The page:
Furthermore, the volume of investment in projects early in their life cycles isn’t enough to support the development of new infrastructure — especially when costs are often quoted in the trillions of dollars. Many greenfield opportunities arise in emerging markets, adding another perceived risk dimension. All of these factors help to explain why the gap between capital demand and supply isn’t closing, and is even more pronounced in the initial stages of the life cycle of projects.

Various governments, donors and institutions have sought to help narrow the gap by providing funding for project preparation facilities (PPFs) — platforms that support activities early in a project’s life cycle — and upstream support to create opportunities for project development and investment.

In general, private capital is reluctant to invest at the required scale in large greenfield developments, given the difficulties both in accurately budgeting development costs and timelines and also in forecasting future revenues in the absence of an operating history. These concerns are heightened by well-publicised examples of greenfield construction projects experiencing difficulties. For example, construction of the metro system in Salvador, Brazil, began in 2000, but it took more than a dozen years for the first passengers to ride it.

The aversion to early-stage projects in developing countries — despite the growing need for infrastructure investment in those areas — has resulted in a pool of inaccessible capital building up, as private investors grapple to target a limited group of assets perceived to be safer. At the same time, banks continue to face pressures on long-term lending, causing them to lend over shorter terms or for larger lump-sum repayments.

However, the growing involvement of institutional investors has been a positive development. The period since the 2008 global financial crisis has seen a significant increase in institutional lenders such as pension funds and insurance companies putting debt and equity into infrastructure projects. In some cases, they have provided debt to enable operational infrastructure projects to refinance and/or take out bank lending; increasingly, they have also shown remarkable flexibility in lending to projects entering or already in the construction phase. These institutional investors are logical holders of infrastructure debt, because it matches with their long-term liabilities.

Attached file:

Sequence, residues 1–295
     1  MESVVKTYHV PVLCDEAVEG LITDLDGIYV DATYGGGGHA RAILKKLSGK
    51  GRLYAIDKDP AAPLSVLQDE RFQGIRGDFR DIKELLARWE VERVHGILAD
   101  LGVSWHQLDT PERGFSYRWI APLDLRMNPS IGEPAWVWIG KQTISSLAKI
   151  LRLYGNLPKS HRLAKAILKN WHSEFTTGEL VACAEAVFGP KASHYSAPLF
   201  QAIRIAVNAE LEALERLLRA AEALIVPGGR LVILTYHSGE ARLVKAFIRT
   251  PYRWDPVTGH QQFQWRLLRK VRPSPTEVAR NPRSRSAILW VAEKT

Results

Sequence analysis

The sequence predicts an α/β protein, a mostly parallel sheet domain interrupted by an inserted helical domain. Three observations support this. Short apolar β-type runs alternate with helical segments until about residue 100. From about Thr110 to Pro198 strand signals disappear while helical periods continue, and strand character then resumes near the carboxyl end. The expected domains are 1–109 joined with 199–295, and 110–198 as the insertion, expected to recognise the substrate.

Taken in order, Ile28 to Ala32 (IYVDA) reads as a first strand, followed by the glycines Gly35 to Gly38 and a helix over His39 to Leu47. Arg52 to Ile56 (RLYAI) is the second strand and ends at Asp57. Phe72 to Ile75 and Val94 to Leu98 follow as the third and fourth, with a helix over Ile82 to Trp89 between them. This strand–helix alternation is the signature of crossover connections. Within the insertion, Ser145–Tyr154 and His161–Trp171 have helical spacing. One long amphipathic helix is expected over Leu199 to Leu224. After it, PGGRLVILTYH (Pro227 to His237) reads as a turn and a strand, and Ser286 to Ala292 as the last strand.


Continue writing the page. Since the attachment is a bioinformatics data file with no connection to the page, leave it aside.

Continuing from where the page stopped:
Other forces shaping the landscape

A further vital factor helping to shape the financing landscape is the global shift from a ‘brown’ to a ‘green’ economy. The UN’s Sustainable Development Goals (SDGs) are supporting this transition, and infrastructure appears both as an explicit goal and as an implicit means to implement and achieve other SDGs. The financial costs of meeting the SDGs have been estimated at US$5tn to US$7tn annually through 2030, with about half going to developing economies.

An expanding base of stakeholders — including investors and civil society generally — are now looking to develop and benefit from more energy-efficient and environmentally sustainable built assets. This demand is coupled with a rise in activists targeting companies and high-profile individuals linked to the fossil fuel industries and others generating substantial carbon emissions.

These developments are driving pools of capital to be directed to those investments with a positive impact profile, with environmental, social and governance (ESG) considerations becoming more embedded in the risk assessment, selection, management and reporting processes for a growing proportion of investors, in both infrastructure and other assets. According to the latest biennial Global Sustainable Investment Review from the Global Sustainable Investment Alliance (GSIA), released in mid-2019, global sustainable, responsible and impact (SRI) investments stood at US$30.7tn at the start of 2018, a rise of 34% from 2016.[7] Europe accounted for the largest pool, with US$14.1tn of SRI assets under management, followed by the US, with US$12tn. Furthermore, the Climate Bonds Initiative has estimated that the total issuance of green bonds — debt instruments designed to raise capital specifically for environmentally friendly projects — hit US$250bn in 2019, up from US$3.5bn in 2012.[8]